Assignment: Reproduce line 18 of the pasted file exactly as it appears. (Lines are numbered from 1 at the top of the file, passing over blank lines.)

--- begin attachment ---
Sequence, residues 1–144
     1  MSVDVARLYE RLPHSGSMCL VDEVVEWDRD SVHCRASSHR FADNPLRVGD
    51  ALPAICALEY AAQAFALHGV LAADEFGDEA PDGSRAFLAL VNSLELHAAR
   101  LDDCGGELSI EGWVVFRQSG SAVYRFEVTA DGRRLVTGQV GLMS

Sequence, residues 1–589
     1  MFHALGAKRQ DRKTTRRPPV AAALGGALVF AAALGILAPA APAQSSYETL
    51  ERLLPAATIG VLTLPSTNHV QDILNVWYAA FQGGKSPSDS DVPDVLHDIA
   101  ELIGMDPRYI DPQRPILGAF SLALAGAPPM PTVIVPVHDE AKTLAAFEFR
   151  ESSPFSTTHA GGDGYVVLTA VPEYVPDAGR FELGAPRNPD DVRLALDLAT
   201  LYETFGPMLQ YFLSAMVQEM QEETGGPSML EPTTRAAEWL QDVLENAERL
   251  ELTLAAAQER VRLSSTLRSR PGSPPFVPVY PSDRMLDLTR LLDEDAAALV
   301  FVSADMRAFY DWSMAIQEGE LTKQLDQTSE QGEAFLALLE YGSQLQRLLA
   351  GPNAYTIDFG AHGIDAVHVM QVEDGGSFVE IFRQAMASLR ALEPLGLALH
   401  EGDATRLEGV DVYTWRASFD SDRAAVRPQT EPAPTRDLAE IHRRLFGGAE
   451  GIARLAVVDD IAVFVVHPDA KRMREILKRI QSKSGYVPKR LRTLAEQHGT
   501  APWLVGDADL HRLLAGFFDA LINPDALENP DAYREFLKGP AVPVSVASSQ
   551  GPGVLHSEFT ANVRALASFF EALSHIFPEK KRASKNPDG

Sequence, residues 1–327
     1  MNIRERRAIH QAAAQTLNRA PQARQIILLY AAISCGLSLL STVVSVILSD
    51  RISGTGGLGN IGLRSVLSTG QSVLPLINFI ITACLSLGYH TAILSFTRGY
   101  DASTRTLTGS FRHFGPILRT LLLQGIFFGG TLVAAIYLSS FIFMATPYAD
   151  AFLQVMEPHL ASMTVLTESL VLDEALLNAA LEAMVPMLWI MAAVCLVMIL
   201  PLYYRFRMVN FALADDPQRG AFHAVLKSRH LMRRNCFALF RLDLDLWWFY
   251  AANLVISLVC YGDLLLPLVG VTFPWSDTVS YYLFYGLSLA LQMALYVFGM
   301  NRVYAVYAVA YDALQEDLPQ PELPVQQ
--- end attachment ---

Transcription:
Sequence, residues 1–327